A Brief History of Navajo Turquoise and Silver Jewelry

Posted on April 07, 2016 by Mary Hood | 1 Comment

The Navajo (Diné) have rich history of jewelry making and silversmithing. Over the decades, the tribe’s exquisite traditional jewelry designs have attracted tourists and jewelry-lovers alike. Styles that held (and continue to hold) religious significance for the Navajo have become cross-cultural fashion statements. The most prominent features of Navajo jewelry include turquoise, semi-precious stone, and sterling silver, a precious metal.


One of the most recognizable elements of Navajo and southwest tribal jewelry is turquoise. With its beautiful blend of blue, green, white, and the occasional rivulet of brown, turquoise reflects the colors of the natural world. For the Navajo, turquoise represents happiness, luck, and health. Before the Navajo practiced silversmithing, turquoise was probably most often featured in Heishi necklaces, smooth necklaces made with tight stacks of “washer” beads.

A Brief History of Navajo Turquoise and Silver Jewelry | Barbara Michelle Jacobs 

A modern version of a turquoise and shell Heishi necklace, made by native jewelry company Turquoise Skies.


In the mid- to late-nineteenth century, the Navajo learned silversmithing from the Spanish currently occupying the southwest region. Atsidi Sani (“Old Smith”) c. 1828 - 1918 is credited as the first Navajo silversmith (although the first Navajo silversmith cannot be determined with certainty). Aside from jewelry, the Navajo crafted buckles, bridles, crosses, powder chargers, tobacco canteens, and other quotidian items from silver. Initially, the silversmiths melted their silver from coins, flatware, and coins obtained from European-American traders. Later, the silversmiths were able to acquire sheet silver and silver wire. By the 1880s, Navajo jewelers were setting turquoise in silver; by the twentieth century, they were incorporating coral and other semi-precious stones in their silver jewelry.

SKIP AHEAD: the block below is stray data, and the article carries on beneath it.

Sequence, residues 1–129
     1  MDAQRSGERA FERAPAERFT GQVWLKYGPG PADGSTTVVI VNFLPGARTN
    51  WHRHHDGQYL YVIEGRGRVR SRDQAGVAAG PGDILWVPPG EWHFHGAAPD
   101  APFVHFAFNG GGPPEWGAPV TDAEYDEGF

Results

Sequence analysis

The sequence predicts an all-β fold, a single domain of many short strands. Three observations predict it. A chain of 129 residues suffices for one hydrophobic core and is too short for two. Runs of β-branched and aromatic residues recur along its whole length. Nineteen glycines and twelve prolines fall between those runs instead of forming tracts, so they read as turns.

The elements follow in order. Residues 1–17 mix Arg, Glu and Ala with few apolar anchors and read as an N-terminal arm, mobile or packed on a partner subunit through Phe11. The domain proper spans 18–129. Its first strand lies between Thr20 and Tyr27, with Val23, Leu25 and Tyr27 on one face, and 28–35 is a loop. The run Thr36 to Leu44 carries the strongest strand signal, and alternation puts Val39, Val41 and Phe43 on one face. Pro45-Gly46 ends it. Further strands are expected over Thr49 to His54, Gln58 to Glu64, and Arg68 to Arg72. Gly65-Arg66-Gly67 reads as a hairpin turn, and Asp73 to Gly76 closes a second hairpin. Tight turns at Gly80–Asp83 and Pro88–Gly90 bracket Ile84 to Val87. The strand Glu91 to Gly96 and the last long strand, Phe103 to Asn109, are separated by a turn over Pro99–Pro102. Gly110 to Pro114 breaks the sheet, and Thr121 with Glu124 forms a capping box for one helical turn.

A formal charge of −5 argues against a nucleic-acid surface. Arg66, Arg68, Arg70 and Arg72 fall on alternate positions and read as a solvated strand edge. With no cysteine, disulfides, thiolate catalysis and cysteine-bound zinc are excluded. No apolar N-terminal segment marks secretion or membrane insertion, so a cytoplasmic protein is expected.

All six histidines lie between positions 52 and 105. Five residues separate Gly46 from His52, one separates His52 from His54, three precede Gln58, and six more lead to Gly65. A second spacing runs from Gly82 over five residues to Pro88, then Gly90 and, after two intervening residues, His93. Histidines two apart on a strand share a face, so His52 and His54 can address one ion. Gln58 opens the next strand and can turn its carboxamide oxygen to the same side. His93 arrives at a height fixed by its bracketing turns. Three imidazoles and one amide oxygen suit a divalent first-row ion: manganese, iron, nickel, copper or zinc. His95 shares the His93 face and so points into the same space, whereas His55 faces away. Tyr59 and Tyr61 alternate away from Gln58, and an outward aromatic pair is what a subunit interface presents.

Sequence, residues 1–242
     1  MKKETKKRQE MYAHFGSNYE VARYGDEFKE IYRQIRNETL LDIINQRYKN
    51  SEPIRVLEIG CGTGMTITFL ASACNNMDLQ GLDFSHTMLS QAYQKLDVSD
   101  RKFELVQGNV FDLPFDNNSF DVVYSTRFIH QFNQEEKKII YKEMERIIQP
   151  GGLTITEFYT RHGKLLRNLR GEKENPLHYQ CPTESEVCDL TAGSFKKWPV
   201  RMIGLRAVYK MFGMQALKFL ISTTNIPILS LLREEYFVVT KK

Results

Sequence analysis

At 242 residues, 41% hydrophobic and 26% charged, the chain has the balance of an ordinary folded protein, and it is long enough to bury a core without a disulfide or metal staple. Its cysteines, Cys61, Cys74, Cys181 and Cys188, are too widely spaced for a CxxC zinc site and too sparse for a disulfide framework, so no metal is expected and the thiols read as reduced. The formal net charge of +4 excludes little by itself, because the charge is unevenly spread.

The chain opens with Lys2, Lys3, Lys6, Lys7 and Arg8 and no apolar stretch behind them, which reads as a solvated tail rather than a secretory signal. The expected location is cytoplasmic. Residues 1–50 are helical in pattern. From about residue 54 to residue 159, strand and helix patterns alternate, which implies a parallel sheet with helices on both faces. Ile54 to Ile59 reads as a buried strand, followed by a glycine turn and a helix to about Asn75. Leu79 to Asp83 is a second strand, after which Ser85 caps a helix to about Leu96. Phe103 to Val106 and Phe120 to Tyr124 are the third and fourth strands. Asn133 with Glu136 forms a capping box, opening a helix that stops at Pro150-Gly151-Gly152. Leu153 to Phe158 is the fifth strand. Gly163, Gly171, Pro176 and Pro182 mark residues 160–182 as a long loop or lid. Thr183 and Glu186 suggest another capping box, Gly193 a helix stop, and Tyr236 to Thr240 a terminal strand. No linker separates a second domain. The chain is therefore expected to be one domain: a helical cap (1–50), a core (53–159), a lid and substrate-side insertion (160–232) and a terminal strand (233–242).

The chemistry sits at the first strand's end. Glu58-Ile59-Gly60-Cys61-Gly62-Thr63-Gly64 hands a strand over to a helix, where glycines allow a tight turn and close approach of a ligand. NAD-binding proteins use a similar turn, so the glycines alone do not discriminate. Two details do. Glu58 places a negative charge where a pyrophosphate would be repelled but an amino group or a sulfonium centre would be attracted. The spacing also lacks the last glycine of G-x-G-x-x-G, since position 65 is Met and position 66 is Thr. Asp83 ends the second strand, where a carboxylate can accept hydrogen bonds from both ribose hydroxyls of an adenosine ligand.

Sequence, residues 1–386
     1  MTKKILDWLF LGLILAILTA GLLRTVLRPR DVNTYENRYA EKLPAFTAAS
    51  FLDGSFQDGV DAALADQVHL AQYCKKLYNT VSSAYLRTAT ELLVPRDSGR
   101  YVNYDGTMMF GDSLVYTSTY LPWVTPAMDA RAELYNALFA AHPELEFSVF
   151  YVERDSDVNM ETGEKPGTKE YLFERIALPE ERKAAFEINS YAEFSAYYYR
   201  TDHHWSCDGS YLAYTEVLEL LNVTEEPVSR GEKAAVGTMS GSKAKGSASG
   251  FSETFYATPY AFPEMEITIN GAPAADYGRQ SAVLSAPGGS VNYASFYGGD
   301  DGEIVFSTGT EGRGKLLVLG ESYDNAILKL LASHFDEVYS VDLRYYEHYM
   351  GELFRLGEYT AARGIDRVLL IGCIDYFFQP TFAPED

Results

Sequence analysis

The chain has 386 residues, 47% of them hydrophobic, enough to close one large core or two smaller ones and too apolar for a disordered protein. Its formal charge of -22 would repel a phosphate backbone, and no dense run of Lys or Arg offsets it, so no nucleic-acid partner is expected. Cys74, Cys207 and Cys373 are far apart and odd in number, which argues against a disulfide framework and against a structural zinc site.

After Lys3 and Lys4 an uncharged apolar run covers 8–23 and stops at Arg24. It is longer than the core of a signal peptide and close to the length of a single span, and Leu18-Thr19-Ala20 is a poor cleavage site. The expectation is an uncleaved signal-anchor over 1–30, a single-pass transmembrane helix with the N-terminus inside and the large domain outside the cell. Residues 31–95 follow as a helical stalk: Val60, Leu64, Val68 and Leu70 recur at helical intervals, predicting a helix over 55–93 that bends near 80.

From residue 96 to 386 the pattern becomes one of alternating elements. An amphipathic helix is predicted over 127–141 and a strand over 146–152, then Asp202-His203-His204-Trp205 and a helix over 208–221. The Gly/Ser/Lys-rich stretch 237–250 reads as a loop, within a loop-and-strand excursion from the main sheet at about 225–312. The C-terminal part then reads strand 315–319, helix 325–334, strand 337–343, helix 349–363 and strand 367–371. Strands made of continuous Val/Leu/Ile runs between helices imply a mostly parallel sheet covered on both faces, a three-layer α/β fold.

A Brief History of Navajo Turquoise and Silver Jewelry

Vintage Navajo Turquoise and Coral Inlaid Long-Face Ring

Some of the most popular Navajo jewelry pieces include “squash blossom” necklaces and turquoise inlay rings.  Squash blossom necklaces are composed of a string of plain silver beads interspersed with more stylized beads often called “squash blossoms.” These were modeled from the buttons that held Spanish-style pants together, and these buttons were actually designed to resemble pomegranates! In the center of the necklace is a horseshoe-shaped “haja” symbol. This symbol, which represents good fortune, originally came from Mexican culture and resembles the Spanish-style horse halters of the time.

A Brief History of Navajo Turquoise and Silver Jewelry | Barbara Michelle Jacobs Jewelry 

Traditional Navajo Silver “Squash Blossom” Necklace

Navajo silver and turquoise jewelry were not mere adornments. Many pieces were used in ceremonies and religious rituals and continue to hold special significance for the Navajo people. Today, Navajo jewelry is such a popular and revered art that some Navajo make their living by creating and selling traditional and authentic pieces in marketplaces across the country.    

A Brief History of Navajo Turquoise and Silver Jewelry | Barbara Michelle Jacobs

Old and New Navajo Turquoise and Silver Bracelets


Photo: Turquoise SkiesHunter Ridge Jewelry via Etsy, Wikimedia Commons

Posted in ethnic jewelry, jewelry history, navajo, sterling silver, traditional jewelry, turquoise



1 Response

Saurabh Jain
Saurabh Jain

April 26, 2016

Nice and awesome style of collection of hottest trends in engagement rings,thanks for this nice sharing.

Leave a Reply

Comments will be approved before showing up.